The Truth About Family Advent

It is day 22 of Advent and here is what celebrating actually looks like for us as a family of four with a three-year-old and 17-month-old...


A few weeks ago I posted about how we were planning to celebrate Advent as a family this year.  Lest you believe we are the poster family for spiritual and holy family moments, I feel an update is in order.  Advent is all about waiting, which for a toddler or preschooler is about the worst thing you can be expected to do. 

Last year for Christmas we asked for a wreathe with four candles and calendar with little Velcro nativity characters that you pull out of pockets and stick to the felt manger at the top.  A couple years ago we also bought a large beautiful Advent book that you read each day with doors that open on each page that tell the Christmas story. 

It is day 21 of Advent and here is what celebrating actually looks like for us as a family of four with a three-year-old and 17-month-old…

After putting on PJ’s and brushing teeth, my daughter slides down the stairs backwards on her belly to join her brother who is dancing around the living room.  She toddles to the tree and sits down with her tiny legs straight out in front of her.  Our son “helps” us light the candles by holding onto our hands while we use our grill lighter.  And by the time we are done lighting them, our daughter is up wandering around, draping dollar store necklaces around her neck and collecting random toys in the large Ziploc and old cooler bag she likes to haul around. 

We eventually get our son to sit down on the floor with us to read the Advent book and he insists on holding the door flaps open with his foot, which we ask him not to do.  He fills in a couple words as we read, shouting, “Immanuel!” and “Gabriel!”  He opens the next door in the book, leaving a wet streak from where he had his hands in his mouth.  He gets bored and my husband and I read the next few pages alone until he finally wanders back and insists on opening the door that we already read.

When she’s not trying to blow out the candles, my daughter shuffles in and out of the circle, backing up with all her gear to sit on our laps and occasionally tries to open doors as well.  We finally finish reading and sing a “Away in a Manger” as a family, my son picking his nose and eating it all the way through.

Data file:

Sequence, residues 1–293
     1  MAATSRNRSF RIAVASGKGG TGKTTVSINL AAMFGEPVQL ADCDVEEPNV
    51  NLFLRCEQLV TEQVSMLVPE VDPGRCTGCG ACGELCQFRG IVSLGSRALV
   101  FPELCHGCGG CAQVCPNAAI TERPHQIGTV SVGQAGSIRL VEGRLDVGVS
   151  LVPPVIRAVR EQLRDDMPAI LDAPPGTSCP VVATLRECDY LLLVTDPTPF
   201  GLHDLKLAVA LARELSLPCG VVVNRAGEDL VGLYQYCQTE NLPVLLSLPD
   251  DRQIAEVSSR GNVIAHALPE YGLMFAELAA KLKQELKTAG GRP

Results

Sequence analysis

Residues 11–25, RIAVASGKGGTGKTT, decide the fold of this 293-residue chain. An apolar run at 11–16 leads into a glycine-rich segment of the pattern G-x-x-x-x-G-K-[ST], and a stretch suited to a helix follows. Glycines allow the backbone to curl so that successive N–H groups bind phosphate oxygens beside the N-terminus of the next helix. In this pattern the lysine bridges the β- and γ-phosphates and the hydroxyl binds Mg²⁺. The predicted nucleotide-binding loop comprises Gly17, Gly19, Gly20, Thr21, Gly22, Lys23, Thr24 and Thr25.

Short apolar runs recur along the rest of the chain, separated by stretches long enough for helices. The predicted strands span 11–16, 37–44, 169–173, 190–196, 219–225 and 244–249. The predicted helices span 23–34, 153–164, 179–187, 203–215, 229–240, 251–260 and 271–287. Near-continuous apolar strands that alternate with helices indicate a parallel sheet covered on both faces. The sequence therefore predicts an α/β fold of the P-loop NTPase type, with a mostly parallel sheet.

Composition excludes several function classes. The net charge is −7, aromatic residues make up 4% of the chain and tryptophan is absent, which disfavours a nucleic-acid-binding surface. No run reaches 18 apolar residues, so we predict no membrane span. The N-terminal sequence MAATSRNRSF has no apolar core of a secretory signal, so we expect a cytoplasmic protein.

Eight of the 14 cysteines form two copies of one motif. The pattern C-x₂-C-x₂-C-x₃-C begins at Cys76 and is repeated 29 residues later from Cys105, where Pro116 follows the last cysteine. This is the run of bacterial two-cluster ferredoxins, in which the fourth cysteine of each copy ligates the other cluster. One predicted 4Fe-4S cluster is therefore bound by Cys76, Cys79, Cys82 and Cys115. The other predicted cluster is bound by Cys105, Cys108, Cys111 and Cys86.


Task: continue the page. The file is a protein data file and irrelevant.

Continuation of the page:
After that, we bring over the wall-hanging Advent calendar where you are supposed to take out one king, star, shepherd or other nativity character each day and place it at the top.  First of all, the kids are having none of this “one a day” business, so it is a free-for-all to see how many objects they can grab and run away with before mommy figures out what they are doing.  And when I finally coerce them to stick their objects on the manger at the top, they inevitably fall off.

We sometimes pray at the end, but are mostly just ready to be done and for the kids to get in bed, so we let my son blow out candles and my daughter attempt to blow them out (mostly she just stares at them in a mesmerized stupor) and we herd them upstairs for books, songs, prayer and bed. 

But if we “forget” to do Advent one night? Oh boy.  This has already become a habit for the kids and though it is frustrating and we wonder if they are getting anything out of it, they seem to really want to do it each night.

I know it will get better in the future because our kids will not always be so little, but for now, it sometimes feels like we are just doing it to do it.